THE House of Representatives on Monday recalled the second reading approval of a proposed law granting a new legislative franchise to ABS-CBN Broadcasting Corporation until October 31 this year to accommodate possible amendments.
House Deputy Majority Leader and Zamboanga Sibugay Rep. Wilter “Sharky” Wee Palma II moved to reconsider the passage of HB 6732, “An Act Granting the ABS-CBN Broadcasting Corp. a Franchise to Construct, Install, Operate and Maintain Television and Radio Broadcasting Stations in the Philippines and for Other Purposes.”
“Mr. Speaker last Wednesday, May 13, 2020, House Bill No. 6732 was reported to the Committee on Rules on First reading and was subsequently approved on second reading on the same day. Records show that the House in the past made use of the same procedure, in fact one of the bills in the 10th Congress was actually enacted into law,” Palma, acting floor leader, said as his motion was adopted by the House of Representatives through Deputy Speaker and Batangas Rep. Raneo Abu.
“Due to the request of our members who wish to make some interpellations and possible amendments on the bill—let me make this of record that at any time the House can approve this bill, House Bill No. 6732 on third reading. But because of the insistence of our colleagues to interpellate further on the matter, I move that we reconsider approval on second reading of House Bill No. 6732,” said Palma.
“Mr. Speaker I also move that we also reconsider the termination of period of amendments… likewise Mr. Speaker I move that we reconsider the termination of the period of sponsorship and debate,” Palma added.
“The reconsideration of approval on second reading of House Bill No. 6732 is hereby adopted,” said Abu, the presiding officer.
Immediately after the bill was recalled, Albay Rep. Edcel Lagman, a pro-ABS-CBN congressman, interpellated Deputy Speaker and Camarines Sur Rep. LRay Villafuerte, one of the sponsors of short-term franchise for the giant network.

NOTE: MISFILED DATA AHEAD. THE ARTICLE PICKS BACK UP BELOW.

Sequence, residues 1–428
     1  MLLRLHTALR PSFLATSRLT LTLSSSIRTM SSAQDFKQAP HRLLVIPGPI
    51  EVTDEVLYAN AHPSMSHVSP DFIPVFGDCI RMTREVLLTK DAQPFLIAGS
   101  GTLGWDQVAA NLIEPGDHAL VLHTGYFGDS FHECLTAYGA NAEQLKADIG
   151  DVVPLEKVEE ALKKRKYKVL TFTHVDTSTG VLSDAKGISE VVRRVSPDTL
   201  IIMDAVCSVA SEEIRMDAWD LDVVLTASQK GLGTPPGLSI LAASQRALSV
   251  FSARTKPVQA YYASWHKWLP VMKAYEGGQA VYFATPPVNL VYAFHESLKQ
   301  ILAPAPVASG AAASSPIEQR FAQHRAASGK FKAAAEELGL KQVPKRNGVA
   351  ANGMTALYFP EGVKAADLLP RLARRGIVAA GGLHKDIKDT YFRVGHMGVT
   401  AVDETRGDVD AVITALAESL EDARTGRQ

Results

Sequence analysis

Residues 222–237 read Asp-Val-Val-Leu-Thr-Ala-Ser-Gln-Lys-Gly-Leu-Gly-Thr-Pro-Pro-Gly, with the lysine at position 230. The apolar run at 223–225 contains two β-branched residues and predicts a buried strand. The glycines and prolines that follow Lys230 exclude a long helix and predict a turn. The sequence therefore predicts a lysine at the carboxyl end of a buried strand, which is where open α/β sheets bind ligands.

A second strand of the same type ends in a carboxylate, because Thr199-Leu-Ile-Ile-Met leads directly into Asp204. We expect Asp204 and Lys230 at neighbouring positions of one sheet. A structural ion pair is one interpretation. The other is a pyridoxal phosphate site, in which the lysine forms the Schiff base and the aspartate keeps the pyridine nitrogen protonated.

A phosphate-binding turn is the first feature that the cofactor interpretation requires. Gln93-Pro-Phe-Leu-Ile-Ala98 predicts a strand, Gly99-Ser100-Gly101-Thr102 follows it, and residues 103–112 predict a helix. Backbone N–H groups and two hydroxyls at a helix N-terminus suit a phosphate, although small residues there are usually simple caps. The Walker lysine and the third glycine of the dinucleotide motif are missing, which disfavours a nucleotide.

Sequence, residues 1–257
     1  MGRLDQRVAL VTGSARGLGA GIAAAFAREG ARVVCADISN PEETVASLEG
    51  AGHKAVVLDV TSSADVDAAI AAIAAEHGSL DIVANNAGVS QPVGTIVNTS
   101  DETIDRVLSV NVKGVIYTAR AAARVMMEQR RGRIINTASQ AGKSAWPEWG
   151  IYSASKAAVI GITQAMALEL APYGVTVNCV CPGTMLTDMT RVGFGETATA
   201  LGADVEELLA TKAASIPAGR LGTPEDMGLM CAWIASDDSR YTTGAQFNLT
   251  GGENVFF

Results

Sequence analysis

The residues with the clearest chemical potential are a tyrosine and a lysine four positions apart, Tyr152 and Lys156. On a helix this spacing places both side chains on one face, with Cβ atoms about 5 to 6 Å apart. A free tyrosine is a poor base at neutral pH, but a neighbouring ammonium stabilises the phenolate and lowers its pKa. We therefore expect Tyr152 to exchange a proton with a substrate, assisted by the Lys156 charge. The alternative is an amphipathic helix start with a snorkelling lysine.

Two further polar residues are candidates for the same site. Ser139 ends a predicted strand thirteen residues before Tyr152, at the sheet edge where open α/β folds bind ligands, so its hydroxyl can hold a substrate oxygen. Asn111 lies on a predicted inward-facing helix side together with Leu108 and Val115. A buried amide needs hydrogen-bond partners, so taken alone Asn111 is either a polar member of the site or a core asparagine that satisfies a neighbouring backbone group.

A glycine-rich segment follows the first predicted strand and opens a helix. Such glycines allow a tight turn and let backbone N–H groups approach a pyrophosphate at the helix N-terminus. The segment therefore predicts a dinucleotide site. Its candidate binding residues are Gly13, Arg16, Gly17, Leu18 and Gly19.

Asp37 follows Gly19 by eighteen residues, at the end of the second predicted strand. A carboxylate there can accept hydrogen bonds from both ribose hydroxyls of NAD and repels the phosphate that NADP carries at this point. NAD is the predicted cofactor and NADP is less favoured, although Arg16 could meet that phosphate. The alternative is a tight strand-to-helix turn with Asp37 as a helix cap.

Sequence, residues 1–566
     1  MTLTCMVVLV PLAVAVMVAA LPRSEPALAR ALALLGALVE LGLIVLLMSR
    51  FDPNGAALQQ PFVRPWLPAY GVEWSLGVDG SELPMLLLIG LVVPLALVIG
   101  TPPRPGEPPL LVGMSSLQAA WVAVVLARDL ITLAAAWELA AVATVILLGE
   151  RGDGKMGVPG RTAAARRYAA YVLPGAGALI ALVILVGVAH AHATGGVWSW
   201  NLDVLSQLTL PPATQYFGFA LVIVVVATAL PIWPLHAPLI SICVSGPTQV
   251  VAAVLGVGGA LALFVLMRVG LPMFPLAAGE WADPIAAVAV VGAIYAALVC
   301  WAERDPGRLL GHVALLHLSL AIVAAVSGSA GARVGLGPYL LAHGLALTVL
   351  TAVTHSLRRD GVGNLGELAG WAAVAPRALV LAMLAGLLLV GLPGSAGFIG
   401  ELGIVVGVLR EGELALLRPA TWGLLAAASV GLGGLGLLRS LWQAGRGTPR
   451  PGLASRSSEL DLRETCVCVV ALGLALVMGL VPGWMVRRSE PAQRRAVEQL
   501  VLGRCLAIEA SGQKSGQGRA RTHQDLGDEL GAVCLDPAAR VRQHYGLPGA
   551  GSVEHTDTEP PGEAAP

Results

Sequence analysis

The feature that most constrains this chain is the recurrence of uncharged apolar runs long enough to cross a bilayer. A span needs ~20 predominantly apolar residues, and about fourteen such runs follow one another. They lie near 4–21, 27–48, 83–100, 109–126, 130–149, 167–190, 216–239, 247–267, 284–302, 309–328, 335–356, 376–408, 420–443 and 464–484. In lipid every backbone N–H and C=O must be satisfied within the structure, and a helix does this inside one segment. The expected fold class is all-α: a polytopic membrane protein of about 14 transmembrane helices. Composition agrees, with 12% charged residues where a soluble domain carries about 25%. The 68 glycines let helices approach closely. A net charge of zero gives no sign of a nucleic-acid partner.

Speaker Alan Peter Cayetano and Villafuerte are among the few principal authors of HB No. 6732.
Last Wednesday, the session in the Plenary was initially convened into the Committee of the Whole to approve the measure.
“Providing ABS-CBN with a provisional franchise valid until October 31 2020 will give both the House of Representatives and the Senate to hear the issues being raised for and against the renewal, and assess, with complete impartiality and fairness, whether or not the network shall be granted a franchise for another twenty-five (25) years,” the bill said.
After the sponsorship speeches, the House, with some 30 warm bodies on the floor and hundreds participating via videoconferencing, approved the measure on second reading through voice voting.
Under Section 5 (Right of the Government) of the bill, a special right is “reserved to the President of the Philippines, in times of war, rebellion, public peril, calamity, emergency, disaster or disturbance of peace and order, to temporarily take over and operate the stations or facilities of the grantee.”
ABS-CBN was accused of violating the constitutional requirement on 100-percent Filipino ownership of media by selling Philippine depository receipts (PDRs) to foreigners and having an officer who was allegedly an American citizen.
ABS-CBN has denied violating such requirement and the Securities and Exchange Commisison (SEC) has earlier clarified that the issuance of the PDRs at that time did not violate the constitutional prohibition.
Earlier, Deputy Speaker and Mandaluyong City Rep. Neptali “Boyet” Gonzales II rejected Sen. Francis “Kiko” Pangilinan’s claim that the House of Representatives may have violated the Constitution when it approved on first and second reading the ABS-CBN franchise.
Gonzales, a former House Majority Leader, pointed out that what the Constitution requires is that the first, second and third reading must be done on separate days.
He explained that the House leadership soundly observed the Constitution in approving HB No. 6732.
If the bill is certified urgent by the President, Gonzales said the approval on second and third reading may be done on the same day.
“In other words, there is nothing wrong for the House to lump together in the same day the First and Second reading of a bill and conduct the Third Reading on a separate day because of the three-day rule, unless certified by the President,” Gonzales, a veteran House leader, pointed out.